Douglas Wayne Houston, 73 years old, passed away with grace and courage on Dec. 31, 2021, at his home in Salmon, Idaho, after a brave battle with chronic illness.
Doug was born in Omak, Washington, to Benjamin Wayne and Ella Mae (Brooks) Houston. He attended Omak High School where he was a varsity all-star in baseball, basketball and football. He attended Eastern Washington University in Cheney, Washington, where he continued his athletic career and obtained a degree in recreation and park administration. He spent two years of military service with the U.S. Army and was honorably discharged after active service in Korea. Upon returning home, he helped care for his brother (Craig Houston) who was shot during a Vietnam War skirmish, rendering him a paraplegic.
The ultimate measure of “a man is not where he stands in moments of comfort and convenience, but where he stands at times of challenge and controversy (MLK).” Doug was born of fire with the qualities of energy, assertiveness and passion. His strength and resilience were steeled by the heat of the ultimate battle with nature’s wildland fires!
He began his affair with fire as a teenager. He aspired to become a smokejumper and began his career as a wildland firefighter. He worked summers with Washington state and federal fire crews. After college, he applied to become a smokejumper. In 1973, he was accepted and became a rookie smokejumper in Redmond, Oregon, at the Smokejumper Base (RAC). He jumped out of RAC for 17 years (1973-1990). In 1990 he was offered the position of base manager at NCSB (North Cascades Smokejumper Base), which he accepted, to become the third base manager at the now famous, original smokejumper base in the United States. He moved to Winthrop, Washington, in 1990. He served as the active base manager at NCSB from 1990-2001.
His colleagues and protégés characterized him as a man with “grit and courage,” a professional, educator, mentor, a calm and steady force in a climate of high intensity. He was able to maintain a sense of citizenship and community in Winthrop as a coach for the high school cross country team. Among his outstanding achievements was his support and promotion of diversity programs in smoke jumping circles. Doug loved the work and the brotherhood he found among his colleagues. After 29 years of jumping out of airplanes to fight fires, he retired with 324 career jumps. As of 2009 he was ranked No. 4 for all-time career jumps.
Following his retirement from active smoke jumping duty in 2001, he served as the president of the National Smokejumper Association from 2005-2009. During his tenure as president he demonstrated dedication, vision and emotional intelligence. His passion for flying and working with firefighters never ended and he continued with the U.S. Forest Service in the Bitterroot Valley in Montana. Doug served firefighters and the public in his capacity as an Air Tactical Group Supervisor (ATGS). His primary function was directing fixed and rotor wing retardant aircraft in direct support of ground fire suppression operations. Doug made and maintained many lifelong friends through his time in the forest firefighting world. He was affable, positive, loyal, dependable and steadfast.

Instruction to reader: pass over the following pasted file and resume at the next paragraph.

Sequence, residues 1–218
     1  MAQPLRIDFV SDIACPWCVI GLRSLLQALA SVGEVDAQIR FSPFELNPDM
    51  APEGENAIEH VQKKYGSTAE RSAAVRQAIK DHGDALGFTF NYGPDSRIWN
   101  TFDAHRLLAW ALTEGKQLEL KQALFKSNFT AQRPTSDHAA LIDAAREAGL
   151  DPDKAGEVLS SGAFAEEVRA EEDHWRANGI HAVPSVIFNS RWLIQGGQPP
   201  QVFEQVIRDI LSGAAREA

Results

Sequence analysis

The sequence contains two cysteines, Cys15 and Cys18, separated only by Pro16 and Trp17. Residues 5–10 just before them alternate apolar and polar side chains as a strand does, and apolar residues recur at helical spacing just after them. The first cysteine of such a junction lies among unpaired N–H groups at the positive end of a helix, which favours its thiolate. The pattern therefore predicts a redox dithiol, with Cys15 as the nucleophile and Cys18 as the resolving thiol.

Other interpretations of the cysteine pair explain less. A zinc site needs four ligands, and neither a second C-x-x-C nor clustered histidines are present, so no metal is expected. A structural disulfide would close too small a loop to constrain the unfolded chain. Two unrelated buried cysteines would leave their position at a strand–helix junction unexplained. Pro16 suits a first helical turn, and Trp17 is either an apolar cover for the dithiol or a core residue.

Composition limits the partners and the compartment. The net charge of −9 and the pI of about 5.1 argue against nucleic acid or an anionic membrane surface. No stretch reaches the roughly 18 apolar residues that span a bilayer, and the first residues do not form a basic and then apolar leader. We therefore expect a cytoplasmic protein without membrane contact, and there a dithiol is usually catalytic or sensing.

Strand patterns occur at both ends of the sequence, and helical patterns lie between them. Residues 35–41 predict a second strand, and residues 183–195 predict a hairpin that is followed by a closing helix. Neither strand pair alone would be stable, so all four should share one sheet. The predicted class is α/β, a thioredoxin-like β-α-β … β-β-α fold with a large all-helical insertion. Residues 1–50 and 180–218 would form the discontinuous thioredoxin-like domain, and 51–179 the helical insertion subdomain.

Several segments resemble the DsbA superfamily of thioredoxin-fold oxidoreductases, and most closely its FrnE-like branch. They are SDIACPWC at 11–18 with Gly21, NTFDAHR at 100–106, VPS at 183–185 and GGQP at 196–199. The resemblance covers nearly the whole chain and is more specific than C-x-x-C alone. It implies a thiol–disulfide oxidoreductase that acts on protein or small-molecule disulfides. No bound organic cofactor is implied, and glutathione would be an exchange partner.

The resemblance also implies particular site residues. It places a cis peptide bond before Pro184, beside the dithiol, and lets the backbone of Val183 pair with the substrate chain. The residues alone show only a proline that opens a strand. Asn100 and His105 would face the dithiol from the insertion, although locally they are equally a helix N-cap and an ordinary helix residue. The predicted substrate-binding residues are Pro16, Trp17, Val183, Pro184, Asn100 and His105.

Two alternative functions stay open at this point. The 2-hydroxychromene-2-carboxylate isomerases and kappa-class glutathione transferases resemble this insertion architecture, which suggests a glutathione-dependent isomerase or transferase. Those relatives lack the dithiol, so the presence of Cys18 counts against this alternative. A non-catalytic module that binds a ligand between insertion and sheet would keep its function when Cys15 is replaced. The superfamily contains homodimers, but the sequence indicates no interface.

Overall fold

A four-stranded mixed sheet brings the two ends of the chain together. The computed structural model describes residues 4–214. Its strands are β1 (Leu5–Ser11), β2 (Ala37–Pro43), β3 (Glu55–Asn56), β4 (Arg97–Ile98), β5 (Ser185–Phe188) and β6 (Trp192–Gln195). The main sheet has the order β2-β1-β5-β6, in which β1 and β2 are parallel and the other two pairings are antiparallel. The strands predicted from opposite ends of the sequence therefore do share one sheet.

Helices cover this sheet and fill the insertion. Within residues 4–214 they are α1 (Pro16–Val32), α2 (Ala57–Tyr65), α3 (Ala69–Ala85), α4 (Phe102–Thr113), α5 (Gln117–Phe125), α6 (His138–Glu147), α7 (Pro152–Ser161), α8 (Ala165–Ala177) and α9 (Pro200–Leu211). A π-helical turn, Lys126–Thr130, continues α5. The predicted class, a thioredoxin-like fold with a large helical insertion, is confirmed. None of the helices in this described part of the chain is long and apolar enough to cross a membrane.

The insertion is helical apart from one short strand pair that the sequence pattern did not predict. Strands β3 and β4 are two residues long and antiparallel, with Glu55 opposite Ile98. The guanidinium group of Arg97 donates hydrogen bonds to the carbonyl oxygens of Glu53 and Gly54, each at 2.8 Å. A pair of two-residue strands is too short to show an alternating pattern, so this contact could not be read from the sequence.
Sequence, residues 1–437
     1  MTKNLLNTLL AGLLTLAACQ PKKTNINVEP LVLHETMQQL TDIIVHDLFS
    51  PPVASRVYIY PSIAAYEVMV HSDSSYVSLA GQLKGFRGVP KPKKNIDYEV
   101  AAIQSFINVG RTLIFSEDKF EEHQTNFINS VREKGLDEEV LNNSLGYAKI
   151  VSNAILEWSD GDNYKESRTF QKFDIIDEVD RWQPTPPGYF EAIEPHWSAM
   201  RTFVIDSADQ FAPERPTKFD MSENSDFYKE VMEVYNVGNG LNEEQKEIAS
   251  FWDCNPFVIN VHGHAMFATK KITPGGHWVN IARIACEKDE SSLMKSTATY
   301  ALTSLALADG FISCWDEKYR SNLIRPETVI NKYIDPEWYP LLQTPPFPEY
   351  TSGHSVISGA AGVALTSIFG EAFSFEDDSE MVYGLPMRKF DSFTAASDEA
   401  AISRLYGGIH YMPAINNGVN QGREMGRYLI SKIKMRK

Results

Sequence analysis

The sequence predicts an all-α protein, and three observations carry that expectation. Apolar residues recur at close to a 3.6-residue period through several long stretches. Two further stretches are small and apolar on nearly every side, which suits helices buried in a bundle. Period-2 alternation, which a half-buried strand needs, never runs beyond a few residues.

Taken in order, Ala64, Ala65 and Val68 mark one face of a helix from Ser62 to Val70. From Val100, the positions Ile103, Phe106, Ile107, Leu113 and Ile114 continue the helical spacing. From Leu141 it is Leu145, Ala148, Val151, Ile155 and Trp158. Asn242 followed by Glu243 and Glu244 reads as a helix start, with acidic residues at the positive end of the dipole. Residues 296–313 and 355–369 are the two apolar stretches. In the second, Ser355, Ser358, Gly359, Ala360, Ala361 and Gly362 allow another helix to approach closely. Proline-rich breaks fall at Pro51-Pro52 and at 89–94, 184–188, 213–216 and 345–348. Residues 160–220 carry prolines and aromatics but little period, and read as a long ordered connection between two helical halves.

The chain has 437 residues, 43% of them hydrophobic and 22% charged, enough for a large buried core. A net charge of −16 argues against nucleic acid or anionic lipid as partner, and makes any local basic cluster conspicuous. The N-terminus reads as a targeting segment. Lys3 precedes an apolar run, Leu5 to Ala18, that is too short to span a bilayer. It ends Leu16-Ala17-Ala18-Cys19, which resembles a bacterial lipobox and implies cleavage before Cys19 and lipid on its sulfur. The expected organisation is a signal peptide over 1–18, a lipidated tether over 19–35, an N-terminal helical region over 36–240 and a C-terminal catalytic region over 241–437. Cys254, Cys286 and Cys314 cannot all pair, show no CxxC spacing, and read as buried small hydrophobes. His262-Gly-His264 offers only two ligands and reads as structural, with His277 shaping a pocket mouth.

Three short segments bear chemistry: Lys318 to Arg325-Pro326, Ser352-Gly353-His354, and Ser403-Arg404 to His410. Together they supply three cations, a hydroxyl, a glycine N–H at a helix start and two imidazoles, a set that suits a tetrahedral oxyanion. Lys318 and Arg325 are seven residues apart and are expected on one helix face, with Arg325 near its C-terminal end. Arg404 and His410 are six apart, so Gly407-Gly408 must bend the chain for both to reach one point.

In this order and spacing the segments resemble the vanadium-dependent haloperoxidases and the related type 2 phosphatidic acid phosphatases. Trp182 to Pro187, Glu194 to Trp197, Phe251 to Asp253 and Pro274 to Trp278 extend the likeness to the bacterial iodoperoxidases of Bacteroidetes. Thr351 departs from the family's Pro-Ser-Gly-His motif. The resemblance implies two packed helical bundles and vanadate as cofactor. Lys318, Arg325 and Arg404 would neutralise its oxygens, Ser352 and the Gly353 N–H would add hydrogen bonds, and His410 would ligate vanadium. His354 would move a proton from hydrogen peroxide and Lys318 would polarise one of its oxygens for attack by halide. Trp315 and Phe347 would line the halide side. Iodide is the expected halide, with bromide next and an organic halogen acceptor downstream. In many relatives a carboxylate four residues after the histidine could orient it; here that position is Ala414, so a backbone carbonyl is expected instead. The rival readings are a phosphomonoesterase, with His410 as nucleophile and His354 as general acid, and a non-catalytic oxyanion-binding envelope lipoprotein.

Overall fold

He was senior instructor Mission Centered Solutions teaching firefighters all over the world to make critical decisions in increasingly complex environments with resilience and adaptiveness in mission-driven operating cultures. In his later years, he changed course from the azure of the skies to the blues of the river when he started the Flyboy Angler Business selling fly fishing flies to businesses all over the Northwest and Canada. He truly enjoyed developing the company and treasured the relationships with all of his customers. He was particularly fond of his ability to “product test” at every convenience.
Throughout his life, Doug was an avid outdoorsman and loved being in nature. You could often find him on snowy slopes in the winter, casting an artful line in the rivers and lakes, stalking wild game in the fall, running, biking, and heckling friends while playing pickleball. He even tried his hand as a horseman. Doug was a good father, loving husband, and a true friend. He will be missed greatly.
This loving soul is survived by his spouse, Suzanne Nebeker; his two sons and their spouses, Justin/Becky Houston and Cody/Jenny Houston, granddaughters Sophie Houston and Waylen Houston; his sisters Loretta Houston and Linda and Jim Gavin. He is predeceased by his parents Ella and Wayne Houston, brother, Craig Houston.
Memorial services will be held Saturday, June 11, 2022, from 1-6 p.m. in Winthrop, Washington, at 19 Bear Creek Golf Course Road.
For detailed memorial service information and RSVP you may contact Kelly Estherbrook at firstname.lastname@example.org or Suzanne Nebeker at email@example.com.